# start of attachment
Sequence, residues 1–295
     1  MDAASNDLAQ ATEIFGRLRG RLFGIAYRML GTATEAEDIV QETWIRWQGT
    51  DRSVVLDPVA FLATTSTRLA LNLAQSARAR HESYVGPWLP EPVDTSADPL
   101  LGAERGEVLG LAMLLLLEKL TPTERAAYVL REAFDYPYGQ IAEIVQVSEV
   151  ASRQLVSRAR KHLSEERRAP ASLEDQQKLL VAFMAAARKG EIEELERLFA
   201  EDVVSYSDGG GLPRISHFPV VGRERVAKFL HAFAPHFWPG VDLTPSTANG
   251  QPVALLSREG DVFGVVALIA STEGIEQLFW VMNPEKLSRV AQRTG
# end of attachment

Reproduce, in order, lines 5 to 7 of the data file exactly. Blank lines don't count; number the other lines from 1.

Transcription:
   151  ASRQLVSRAR KHLSEERRAP ASLEDQQKLL VAFMAAARKG EIEELERLFA
   201  EDVVSYSDGG GLPRISHFPV VGRERVAKFL HAFAPHFWPG VDLTPSTANG
   251  QPVALLSREG DVFGVVALIA STEGIEQLFW VMNPEKLSRV AQRTG